A thawing between China and Japan
The two powerhouses of the Far East have a mutual need — increased trade
One of the most pivotal relationships of this century will be that between Beijing and Tokyo. This is why the visit by Chinese Prime Minister Wen Jiabao to Tokyo, the first by a Chinese premier for seven years, is more than just a diplomatic goodwill trip. The trouble for Chinese leaders in dealing with Japan, the old joke goes, is that the normal shelf life of a Japanese leader is 18 months, while the normal shelf life of a Chinese leader is 18 years. Add to this the ancient bitterness between the two countries as well as growing Japanese nationalism and commercial rivalries and you have a relationship under immense strain.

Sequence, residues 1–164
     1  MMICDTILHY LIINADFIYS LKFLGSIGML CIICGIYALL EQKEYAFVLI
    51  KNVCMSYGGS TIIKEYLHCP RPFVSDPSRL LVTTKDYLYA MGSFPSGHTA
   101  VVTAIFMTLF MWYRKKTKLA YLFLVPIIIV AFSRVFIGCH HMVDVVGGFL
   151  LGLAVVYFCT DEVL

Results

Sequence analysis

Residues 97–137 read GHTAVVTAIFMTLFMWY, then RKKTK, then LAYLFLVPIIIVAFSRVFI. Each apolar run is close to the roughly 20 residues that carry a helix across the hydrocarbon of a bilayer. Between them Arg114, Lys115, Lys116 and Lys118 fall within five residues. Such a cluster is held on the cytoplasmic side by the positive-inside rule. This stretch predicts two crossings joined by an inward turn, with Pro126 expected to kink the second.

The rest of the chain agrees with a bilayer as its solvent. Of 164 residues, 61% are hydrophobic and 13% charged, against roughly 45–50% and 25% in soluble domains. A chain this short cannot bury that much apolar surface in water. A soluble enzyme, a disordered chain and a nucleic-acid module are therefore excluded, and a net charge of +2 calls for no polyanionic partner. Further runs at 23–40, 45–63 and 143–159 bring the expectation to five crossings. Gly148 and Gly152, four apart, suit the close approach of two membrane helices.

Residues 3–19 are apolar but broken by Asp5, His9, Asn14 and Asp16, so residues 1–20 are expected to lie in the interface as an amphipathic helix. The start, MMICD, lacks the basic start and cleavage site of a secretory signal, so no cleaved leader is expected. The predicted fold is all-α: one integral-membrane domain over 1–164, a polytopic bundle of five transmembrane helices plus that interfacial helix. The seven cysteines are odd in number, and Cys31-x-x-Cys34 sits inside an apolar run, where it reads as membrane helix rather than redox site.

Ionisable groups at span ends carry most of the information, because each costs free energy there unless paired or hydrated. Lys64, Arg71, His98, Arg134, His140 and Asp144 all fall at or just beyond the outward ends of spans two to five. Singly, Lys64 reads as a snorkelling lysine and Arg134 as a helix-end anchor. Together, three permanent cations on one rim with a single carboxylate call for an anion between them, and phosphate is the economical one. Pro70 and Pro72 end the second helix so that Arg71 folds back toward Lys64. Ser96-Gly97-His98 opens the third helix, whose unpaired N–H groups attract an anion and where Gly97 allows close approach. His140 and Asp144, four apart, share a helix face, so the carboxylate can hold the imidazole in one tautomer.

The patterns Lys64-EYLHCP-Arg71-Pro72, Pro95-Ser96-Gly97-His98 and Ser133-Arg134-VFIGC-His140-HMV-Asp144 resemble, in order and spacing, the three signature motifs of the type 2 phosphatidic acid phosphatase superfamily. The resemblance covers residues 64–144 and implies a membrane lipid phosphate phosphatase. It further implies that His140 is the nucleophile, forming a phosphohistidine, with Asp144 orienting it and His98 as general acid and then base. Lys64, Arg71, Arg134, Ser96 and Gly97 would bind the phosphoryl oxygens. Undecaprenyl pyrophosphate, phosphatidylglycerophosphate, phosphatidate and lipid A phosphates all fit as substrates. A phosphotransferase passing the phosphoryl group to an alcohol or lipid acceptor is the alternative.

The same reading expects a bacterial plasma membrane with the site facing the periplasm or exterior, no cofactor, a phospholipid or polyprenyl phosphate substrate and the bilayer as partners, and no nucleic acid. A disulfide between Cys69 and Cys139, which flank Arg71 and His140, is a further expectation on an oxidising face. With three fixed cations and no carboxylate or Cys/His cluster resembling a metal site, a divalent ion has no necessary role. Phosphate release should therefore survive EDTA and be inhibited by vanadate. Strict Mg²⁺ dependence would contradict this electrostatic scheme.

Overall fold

These are the burdens that the two leaders must overcome which is why the meeting is taking place in April before Japanese Prime Minister Shenzo Abe is pressured to visit the controversial war shrine of Yasakuni in August.
If Abe decides to visit the shrine it will be impossible for a Chinese leader to meet him. This meeting is crucial if a working relationship is to be developed where each leader gives an assurance not to do anything that antagonises the other. If this meeting fails, we will be in for another hot August.